The second presentation was called “Mind the (Air)Gap” by Pedro Umbelino. Why searching for security issues on air-gapped networks? Because they are used in highly secured environments and because it’s extra-challenging and fun. But when you have air gaps, you also have covert-channels that are everywhere: physical media (USB sticks), acoustic, light, seismic, magnetic, thermal, etc. The idea of Pedro was to use a BLE (“Bluetooth Low Energy“) light bulb to exfiltrate data and particularly the blue colour because the human eye is less reactive to it. He demonstrated how to perform variations on the blue light to exfiltrate data character by character. Then, he explained how to use the NFC chip of an Android device to perform the same kind of exfiltration. The conclusion to the talk was: “As long as a device is on, people will find a way to exfiltrate data out of it“. Just a personal remark: in very secured environments, electronic devices are not allowed or must be turned off… but it was a nice demo!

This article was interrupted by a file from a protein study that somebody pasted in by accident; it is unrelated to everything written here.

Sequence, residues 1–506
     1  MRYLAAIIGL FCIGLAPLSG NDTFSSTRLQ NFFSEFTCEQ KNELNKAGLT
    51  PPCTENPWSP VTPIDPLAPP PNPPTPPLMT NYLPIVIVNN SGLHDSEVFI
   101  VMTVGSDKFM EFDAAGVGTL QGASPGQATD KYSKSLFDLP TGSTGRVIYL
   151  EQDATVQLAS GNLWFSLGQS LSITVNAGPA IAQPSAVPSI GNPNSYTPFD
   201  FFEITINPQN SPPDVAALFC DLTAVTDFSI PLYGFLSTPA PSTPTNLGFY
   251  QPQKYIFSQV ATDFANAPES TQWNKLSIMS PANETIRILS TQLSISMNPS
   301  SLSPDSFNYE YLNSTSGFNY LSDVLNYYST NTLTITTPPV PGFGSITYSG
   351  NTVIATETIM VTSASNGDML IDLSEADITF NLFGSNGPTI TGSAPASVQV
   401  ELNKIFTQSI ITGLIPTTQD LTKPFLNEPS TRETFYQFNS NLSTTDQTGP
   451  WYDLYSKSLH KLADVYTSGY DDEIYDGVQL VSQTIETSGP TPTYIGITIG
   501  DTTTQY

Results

Then, Gaelle De Julis came on stage to talk about PRNG (“Pseudo-Random Number Generator“). Her talk was “Not So Random”. Randomness is widely used today (for encryption, for session identifications, API keys generation, etc). There are two important properties that randomness must have:
  • Distribution (no pattern)
  • Predication (not predictable)

There was already research and exploits found like “How I met your girlfriend”, “PS3 Epic Fail” or “Mind your Ps and Qs”. Gaelle had a look at Java and the Math.random() function. She explained how a token generation function can be abused so, yes, sometimes, it’s not so random. Her background is based on mathematics so it was quite difficult to follow but you get the idea: take care when you need to generate random data.